One feature that is still lacking is the ability to customize the login screen.  The November Update allows you to set a solid background color for the login screen but does not allow you to set a custom image.  There are hacks available for doing this online but hopefully the next Windows 10 update will allow for full login screen customization.

The upgrade process was simple enough but varies based on whether or not your machine is part of a domain.  For a non-domain joined machine the upgrade was seamless.  The November Update appeared in Windows Update on the Surface Pro 2 I tested and the update process took around 15 minutes.  When it was done Windows worked as it did before without any issues relating to the update.

On a domain joined machine I did not have as much luck.  Domain joined machines will not receive the update via Windows Update.  To update a domain machine you have to download and install the November Update ISO from Microsoft.  On the desktop machine I tested the upgrade process took over an hour.  This could have been due in part to the desktop machine not having solid start hard drives.

Once the update completed there were several issues to fix.  Several of my default programs had been changed.  PDF files were changed from Acrobat to Edge and the file associations for OneNote were gone.  These were easy to fix but I’m not sure why this only happened on the domain joined machine.

In addition, all of the server admin tools I had installed were wiped out.  Active Directory Management and Group Policy Administration still had shortcuts but the applications were gone.  I had to download and reinstall the Server Administration Toolkit from Microsoft to get them back.

Despite these issues the Windows 10 November Update is a step in the right direction.  If Microsoft, or any software developer waited until their software was perfect to release it then we wouldn’t have any software at all.  Fortunately, Microsoft is keeping with the new Windows paradigm and continuing to improve Windows 10.

If you are looking to deploy Windows 10 and want to use the latest edition, make sure you download the Windows 10 ISO with the November Update built in.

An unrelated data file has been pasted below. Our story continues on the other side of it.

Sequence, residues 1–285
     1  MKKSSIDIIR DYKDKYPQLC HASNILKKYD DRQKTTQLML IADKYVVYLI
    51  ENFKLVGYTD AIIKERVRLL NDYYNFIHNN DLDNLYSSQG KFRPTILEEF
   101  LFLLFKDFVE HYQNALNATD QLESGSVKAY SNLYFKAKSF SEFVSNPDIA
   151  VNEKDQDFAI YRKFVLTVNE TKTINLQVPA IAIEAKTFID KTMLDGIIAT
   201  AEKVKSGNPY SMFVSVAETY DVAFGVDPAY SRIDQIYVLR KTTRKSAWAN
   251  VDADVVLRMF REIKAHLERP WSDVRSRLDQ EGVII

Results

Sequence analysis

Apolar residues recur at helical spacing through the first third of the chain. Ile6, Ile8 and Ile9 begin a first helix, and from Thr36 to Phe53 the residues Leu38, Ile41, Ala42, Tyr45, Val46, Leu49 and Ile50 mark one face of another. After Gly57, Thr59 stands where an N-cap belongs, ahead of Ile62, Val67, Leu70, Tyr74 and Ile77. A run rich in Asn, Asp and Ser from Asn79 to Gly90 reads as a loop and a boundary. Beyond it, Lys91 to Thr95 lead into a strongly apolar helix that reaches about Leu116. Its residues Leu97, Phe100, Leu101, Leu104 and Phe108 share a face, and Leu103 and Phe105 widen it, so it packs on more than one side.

Thursday, December 10, 2015

Technology, Christmas Gifts, and Keeping Kids Safe

My latest article is now live at ministrytech.com.

Christmas is a great time of year for ministries as we celebrate the birth of our Savior.  It can also be a challenging time for parents as kids Christmas lists are full of the latest high tech gadgets and whatchamacallits so they can visit websites you’ve never heard of.  Here are some tips for parents to help keep children safe on Christmas Day and every day.

I am very pro technology but like most things in life you have to earn the privilege to use it and then continue to use it responsibly.  For example, when you learn to drive you don’t get behind the wheel of a race car at Indianapolis right away.  That isn’t saying that race cars in Indy are bad but that you have to earn it and work hard to use it properly.

In the real world we have curfews, why not in the virtual world?  Parents should set boundaries on their kids use of technology and devices.  I don’t agree with the notion that as parents we should let our kids fail first and then pick them up and help them along and allow them to continue making bad decisions so that they can “learn”.  That is how many kids end up viewing porn or participating in online activities that are not appropriate – often times long before mom and dad are aware.  And by the time mom and dad become aware it is too late. (Prov. 22:6 and Ephesians 6:4)

It is also important to encourage Godly relationships.  Positive peer influence is critical as over 80% of kids ages 7-10 years old view pornography online at the encouragement of a friend.  Do your kid’s friends model a Godly example and help them live a life that strives to become more like Christ?  Those peer influences in the physical world also impact actions in the virtual world.

Proverbs has a few things to say about this.  Proverbs 27:17 talks about iron sharpening iron.  Remember that this iron sharpening can happen virtually as well.  Proverbs 18:24 says, “A man of too many friends comes to ruin, but there is a friend who sticks closer than a brother.”  What did it say?  Too many friends can be a bad thing?  Seem to fly in the face of the goal of having as many online friends and connections as possible.

As a parent I expect obedience.  The Bible is pretty clear about the whole children obeying your parents thing (Eph. 6:1) but often the rules seem looser when it comes to online obedience or obeying mom and dad when they don’t understand the technology.  Internet use, cell phone use, tablet use, video console use, etc. is not a right.  It’s a privilege that is earned through responsibility.  It is not an inalienable right.  After all, who is paying for it?

Removing the technology should always be an option that is on the table when it comes to expecting obedience.  Granted, some technology is required for school but there must still be a way for young people to accomplish their education and then not use their devices for anything else.  If there is a sin issue in their life as a result of the technology then it must be removed, whether that sin is something obvious like pornography or something less obvious like gossip.